If you are unsure of the need for a service or product in your community, expand your business network to discuss and test your business ideas. You can also use simple online or email surveys to assess the demand for your business idea. Other business owners understand how the community benefits from local businesses, and it is in that spirit that they are usually eager to help budding entrepreneurs. New businesses increase the tax base and revenue, and they help keep job talent in the community. Reducing the need to commute out of town is better for the environment.

Start with your local chamber of commerce and local economic development councils. Then search for entrepreneurial programs that offer support, mentorship, and even classes to help get you started.

Even if businesses compete, the prepared business owner is equipped for that competition. They use it to improve their service to both their customers and their employees. Every company wants to attract top talent and maintain a good reputation — all of which benefit your community.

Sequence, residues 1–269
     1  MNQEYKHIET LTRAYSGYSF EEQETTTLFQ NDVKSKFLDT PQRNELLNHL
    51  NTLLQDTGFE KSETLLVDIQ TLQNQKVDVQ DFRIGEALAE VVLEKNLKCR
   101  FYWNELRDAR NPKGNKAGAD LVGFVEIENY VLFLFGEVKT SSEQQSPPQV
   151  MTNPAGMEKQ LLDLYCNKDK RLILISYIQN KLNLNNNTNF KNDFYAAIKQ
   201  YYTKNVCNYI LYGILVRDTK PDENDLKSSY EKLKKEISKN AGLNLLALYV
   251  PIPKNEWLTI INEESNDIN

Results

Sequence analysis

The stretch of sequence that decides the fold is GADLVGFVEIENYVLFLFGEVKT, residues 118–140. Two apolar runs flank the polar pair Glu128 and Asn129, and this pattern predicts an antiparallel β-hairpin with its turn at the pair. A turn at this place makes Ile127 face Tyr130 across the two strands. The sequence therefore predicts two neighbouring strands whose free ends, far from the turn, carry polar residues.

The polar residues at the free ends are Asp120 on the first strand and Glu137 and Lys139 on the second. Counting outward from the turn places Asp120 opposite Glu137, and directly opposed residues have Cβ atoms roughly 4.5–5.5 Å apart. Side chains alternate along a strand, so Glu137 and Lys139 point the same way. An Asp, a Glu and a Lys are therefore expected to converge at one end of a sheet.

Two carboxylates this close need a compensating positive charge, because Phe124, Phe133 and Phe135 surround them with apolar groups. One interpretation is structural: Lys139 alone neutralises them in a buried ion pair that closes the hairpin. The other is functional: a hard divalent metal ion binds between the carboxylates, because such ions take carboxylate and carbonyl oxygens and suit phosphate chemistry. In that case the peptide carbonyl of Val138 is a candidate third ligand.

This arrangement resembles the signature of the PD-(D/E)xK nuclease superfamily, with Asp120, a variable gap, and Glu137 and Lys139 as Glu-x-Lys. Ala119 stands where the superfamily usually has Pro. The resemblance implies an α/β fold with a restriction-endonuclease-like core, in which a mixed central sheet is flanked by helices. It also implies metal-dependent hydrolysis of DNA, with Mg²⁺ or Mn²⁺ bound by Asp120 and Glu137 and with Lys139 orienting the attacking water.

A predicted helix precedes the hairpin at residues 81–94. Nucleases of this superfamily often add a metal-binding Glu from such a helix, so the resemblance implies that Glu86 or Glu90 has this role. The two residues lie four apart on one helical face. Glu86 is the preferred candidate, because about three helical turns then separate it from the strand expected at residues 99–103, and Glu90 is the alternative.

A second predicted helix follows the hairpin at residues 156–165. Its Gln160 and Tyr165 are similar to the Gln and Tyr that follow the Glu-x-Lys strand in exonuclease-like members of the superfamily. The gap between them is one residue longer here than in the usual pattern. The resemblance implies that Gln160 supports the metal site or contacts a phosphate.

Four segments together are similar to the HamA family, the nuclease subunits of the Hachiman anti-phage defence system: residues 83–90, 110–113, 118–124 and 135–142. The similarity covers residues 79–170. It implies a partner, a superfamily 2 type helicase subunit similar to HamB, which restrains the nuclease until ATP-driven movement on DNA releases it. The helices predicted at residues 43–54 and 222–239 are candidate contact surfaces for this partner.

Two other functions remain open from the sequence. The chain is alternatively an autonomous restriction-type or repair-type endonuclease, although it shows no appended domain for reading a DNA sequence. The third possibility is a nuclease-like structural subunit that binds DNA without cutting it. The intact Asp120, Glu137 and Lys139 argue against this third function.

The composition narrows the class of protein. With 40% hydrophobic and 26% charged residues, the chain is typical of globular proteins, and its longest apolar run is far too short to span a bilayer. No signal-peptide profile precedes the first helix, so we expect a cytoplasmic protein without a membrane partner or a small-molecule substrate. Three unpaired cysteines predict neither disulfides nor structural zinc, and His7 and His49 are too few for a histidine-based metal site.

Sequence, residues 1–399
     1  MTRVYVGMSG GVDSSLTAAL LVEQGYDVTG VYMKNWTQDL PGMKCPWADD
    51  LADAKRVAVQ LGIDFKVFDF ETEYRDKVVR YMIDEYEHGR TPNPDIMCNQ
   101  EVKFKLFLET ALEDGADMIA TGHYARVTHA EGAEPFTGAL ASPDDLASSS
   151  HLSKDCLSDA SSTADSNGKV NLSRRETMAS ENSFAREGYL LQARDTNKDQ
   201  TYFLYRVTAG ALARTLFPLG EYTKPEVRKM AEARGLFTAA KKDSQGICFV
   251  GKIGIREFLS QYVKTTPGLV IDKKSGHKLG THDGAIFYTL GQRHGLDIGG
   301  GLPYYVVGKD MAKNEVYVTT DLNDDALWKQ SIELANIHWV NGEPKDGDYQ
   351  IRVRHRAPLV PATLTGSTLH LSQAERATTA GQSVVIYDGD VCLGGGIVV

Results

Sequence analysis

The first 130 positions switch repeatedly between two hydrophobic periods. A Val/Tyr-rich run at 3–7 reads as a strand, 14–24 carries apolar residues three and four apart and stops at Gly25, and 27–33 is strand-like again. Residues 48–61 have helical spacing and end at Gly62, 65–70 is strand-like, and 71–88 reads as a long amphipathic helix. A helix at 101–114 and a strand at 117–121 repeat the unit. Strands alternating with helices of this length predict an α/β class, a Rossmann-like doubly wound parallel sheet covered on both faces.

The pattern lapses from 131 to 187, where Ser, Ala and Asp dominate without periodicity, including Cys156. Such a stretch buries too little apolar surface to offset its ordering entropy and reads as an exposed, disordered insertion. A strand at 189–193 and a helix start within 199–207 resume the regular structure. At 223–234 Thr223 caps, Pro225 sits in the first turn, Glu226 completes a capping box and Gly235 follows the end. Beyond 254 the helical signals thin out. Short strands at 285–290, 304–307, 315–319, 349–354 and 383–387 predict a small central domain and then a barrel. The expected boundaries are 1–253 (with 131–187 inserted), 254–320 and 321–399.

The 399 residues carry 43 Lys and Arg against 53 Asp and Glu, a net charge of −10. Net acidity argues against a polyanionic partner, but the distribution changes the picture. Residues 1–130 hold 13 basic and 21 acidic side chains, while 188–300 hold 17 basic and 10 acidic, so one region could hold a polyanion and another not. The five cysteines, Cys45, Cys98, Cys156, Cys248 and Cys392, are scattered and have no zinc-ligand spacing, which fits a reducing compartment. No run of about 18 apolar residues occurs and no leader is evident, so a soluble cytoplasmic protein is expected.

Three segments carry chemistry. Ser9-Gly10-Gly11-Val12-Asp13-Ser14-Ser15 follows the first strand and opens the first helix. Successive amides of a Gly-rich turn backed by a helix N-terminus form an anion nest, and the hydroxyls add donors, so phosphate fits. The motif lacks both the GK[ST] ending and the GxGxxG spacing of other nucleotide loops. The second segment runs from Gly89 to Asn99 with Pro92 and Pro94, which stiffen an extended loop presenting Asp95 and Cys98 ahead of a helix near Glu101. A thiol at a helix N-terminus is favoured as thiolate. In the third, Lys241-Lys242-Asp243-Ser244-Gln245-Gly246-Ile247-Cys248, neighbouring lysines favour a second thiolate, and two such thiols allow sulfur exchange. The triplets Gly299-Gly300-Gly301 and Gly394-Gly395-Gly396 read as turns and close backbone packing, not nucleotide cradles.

From market idea to business plan.

Once you’ve assessed your market need, it’s time to create your business plan. During this phase, it’s important to navigate essential financial questions: Can you self-fund your business? Should you? What would you be forfeiting by courting investors? Is a bank loan the best way to go? The business plan will also guide you through a marketing strategy to ensure you will reach your customer base, and set an attractive price point that is sufficient to pay your obligations.

Part of the plan should include having the technology and tools needed to run your business. This is especially true for payroll. You’ll need to learn about small business payroll defined and